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Theatre Review: Leave a Message @ Vault Festival


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On a normal evening at a normal party two people met, actor Ed Coleman and writer James Mitchell.

The two young men got to talking, and Ed told the stranger about the recent loss of his father and, as creatives do when they meet in high spirits, they decided to create something of this story. What differentiates this party conversation from many others is the fact that they actually made it happen.

Image courtesy of Chloé Nelkin Consulting

Directed by Jessica Roe, this is a story about loss and the complex relationship between a man and his alcoholic father. It is a story about friendship, letting go, and what you can find on an answering machine.

Sarah Mercade has created a set resembling a neglected apartment, with an old purple couch, letters everywhere, bottles and cans all over the floor. It clearly giving you an idea of the person who lived there’s lack of ability to take care of his surroundings, and himself.

The play starts with Ed (Ed Coleman) standing in the ruin of an apartment, looking around with no idea where to start. As his friend Sarah (Gabrielle Fernie) arrives, she starts helping Ed go through the remains of his father’s belongings with a humoristic efficiency. When Sarah leaves to go buy cleaning products, Ed checks his father’s answering machine, and an unexpected message from an unknown female sex-worker changes the course of the day, as Ed arranges a meeting with the stranger.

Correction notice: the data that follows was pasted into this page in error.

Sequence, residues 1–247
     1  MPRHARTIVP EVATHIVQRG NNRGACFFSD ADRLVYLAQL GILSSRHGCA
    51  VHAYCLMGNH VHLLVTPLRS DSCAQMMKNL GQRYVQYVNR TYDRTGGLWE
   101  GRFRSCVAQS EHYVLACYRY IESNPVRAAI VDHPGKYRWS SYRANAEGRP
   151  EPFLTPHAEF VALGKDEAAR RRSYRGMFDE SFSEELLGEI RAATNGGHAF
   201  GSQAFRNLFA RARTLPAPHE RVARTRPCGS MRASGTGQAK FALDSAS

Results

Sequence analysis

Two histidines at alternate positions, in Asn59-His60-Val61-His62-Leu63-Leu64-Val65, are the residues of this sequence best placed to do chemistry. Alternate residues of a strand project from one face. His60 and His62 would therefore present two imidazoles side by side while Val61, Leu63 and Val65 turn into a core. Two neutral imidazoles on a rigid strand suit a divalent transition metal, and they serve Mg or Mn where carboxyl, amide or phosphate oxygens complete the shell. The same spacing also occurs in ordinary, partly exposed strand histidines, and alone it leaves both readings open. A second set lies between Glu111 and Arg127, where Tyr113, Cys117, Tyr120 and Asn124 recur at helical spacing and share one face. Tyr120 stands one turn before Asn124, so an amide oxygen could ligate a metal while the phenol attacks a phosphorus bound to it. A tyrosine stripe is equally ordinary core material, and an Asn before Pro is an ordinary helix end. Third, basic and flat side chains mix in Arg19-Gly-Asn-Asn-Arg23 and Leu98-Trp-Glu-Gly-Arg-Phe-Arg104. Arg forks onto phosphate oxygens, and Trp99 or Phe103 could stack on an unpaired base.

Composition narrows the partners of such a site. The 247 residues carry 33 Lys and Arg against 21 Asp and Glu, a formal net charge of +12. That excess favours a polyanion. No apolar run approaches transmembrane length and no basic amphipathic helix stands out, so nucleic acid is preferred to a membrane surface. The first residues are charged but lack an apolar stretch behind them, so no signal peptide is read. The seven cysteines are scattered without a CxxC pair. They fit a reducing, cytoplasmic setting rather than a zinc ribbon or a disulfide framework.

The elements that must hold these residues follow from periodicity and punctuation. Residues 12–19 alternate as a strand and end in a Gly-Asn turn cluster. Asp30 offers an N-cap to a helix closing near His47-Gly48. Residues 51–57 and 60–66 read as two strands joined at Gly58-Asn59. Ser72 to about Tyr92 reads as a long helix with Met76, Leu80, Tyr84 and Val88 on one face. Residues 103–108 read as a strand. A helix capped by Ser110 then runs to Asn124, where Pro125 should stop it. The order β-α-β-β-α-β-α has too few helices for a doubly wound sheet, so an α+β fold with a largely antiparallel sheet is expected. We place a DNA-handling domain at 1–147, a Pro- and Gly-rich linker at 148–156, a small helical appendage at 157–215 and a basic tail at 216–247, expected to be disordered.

Hayley-Marie Axe plays the woman on the answering machine, Linda, who turns out to be very different than we expect.

When you hear the storyline of this play, you don’t expect it to be funny - surprisingly, the writing and the dialogue are so sharp and amusing that the audience is left laughing most of the time, and only in the breaks between laughing, mostly when Ed is left alone on stage, are you reminded of how gloomy the situation really is.

Ed Coleman delivers a strong performance in this written version of his own story, and his pain of never feeling he knew his father, and his fear of ending up the same way, is so subtle and underlying all the way through that the moment it is said out loud really resonates.

Gabrielle Fernie is charming and funny in her role as Sarah, and her spot on comedic timing is really what lifts the gloom from the situation. At times it would have supported the story if she allowed the tense situation and her concern for her friend to show more, as this would have been a good contrast to her fast-paced humour.

James Mitchell has taken Ed Coleman’s story and created a very strong script. It is a well written story, that shows how fear of ending up like a parent and social inheritance can end up pushing us in the direction we don’t want to go. 

Leave a message will be transferred to the Gilded Balloon for the Edinburgh Fringe Festival 3rd-26th of August, and if you are going to the Fringe I highly recommend you see it. The show was stated as part of the VAULT Festival in London, which is running until 17th March.

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